According to Veda, credit application fraud is now at its highest level since 2009 with a 27 per cent increase in total credit application fraud last year.
Veda’s general manager of fraud & identity solutions Imelda Newton said there has been a trend among brokers to act in collusion with others to defraud lenders.
“What we see through some of the third-party channels tends to be more organised crime with collusion between parties,” Ms Newton told Mortgage Business.
“That is what the data is suggesting,” she said.
Among the four segments of credit application fraud – false personal details, fabrication of identity, identity takeover and undisclosed debts – identity takeover grew fastest – increasing 103 per cent from 2012 to 2013.
According to lawyer and fraud specialist Brett Warfield of Warfield & Associates, brokers are usually involved.
“We get individuals contacting us to say that they have been the subject of mortgage fraud and they talk through what the issues are,” Mr Warfield said.
“It usually comes back to the broker, who has been involved in falsifying the documentation that has been provided to the lender without the client’s knowledge,” he said.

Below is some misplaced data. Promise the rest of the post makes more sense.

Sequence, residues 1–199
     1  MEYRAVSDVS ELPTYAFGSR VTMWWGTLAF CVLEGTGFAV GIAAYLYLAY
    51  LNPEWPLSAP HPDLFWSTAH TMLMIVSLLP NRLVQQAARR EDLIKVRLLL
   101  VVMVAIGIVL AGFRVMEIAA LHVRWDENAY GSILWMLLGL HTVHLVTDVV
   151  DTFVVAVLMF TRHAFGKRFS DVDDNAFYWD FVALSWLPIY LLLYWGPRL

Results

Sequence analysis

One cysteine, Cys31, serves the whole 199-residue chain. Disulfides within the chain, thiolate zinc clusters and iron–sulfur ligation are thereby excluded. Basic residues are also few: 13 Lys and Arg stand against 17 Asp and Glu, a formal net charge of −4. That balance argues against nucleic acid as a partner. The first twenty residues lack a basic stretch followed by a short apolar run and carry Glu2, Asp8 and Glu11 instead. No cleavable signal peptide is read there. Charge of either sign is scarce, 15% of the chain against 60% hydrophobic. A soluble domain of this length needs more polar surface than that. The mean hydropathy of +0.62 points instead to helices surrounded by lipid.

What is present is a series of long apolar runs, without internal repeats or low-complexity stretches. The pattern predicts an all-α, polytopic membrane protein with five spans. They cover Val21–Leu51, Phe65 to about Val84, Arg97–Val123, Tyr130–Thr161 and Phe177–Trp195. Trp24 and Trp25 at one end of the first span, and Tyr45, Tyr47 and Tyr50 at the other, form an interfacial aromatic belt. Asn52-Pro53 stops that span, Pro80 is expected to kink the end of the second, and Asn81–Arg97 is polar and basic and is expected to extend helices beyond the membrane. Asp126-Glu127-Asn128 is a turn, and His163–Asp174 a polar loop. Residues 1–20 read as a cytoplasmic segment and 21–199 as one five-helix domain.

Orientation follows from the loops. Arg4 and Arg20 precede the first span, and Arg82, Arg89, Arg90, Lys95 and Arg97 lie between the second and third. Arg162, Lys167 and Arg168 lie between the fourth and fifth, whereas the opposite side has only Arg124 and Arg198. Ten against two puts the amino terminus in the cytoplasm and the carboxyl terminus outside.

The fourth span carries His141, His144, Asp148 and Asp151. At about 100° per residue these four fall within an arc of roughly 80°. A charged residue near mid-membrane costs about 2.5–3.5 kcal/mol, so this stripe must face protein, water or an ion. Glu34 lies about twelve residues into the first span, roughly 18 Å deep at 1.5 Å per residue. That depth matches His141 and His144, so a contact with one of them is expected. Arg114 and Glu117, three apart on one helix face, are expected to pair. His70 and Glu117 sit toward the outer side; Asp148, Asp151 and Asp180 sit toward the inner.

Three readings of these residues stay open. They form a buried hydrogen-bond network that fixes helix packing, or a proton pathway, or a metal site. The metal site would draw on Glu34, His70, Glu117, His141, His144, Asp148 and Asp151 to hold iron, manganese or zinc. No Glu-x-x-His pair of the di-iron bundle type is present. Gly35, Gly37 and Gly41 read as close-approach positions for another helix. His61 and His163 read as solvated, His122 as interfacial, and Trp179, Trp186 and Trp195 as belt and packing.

Therefore the clients are the ones suffering the consequences of having their home sold to pay for the loan,” he said. “That has been our experience.”
ASIC has banned at least nine mortgage brokers for fraud since December last year.
Melbourne-based Ms Shilpa Karandikar was the latest broker to be banned on July 23 after an ASIC investigation found she submitted false documents to secure a home loan worth $243,000.
The loan application contained false payslips, false employment documents and false bank statements.
FBAA chief executive Peter White said brokers must maintain good habits such as note keeping and verification procedures to ensure all documents are legitimate.
“At the end of the day you are legally responsible, and if you get caught you are at the risk of potentially going to jail,” Mr White said.
“That’s the bottom line,” he said.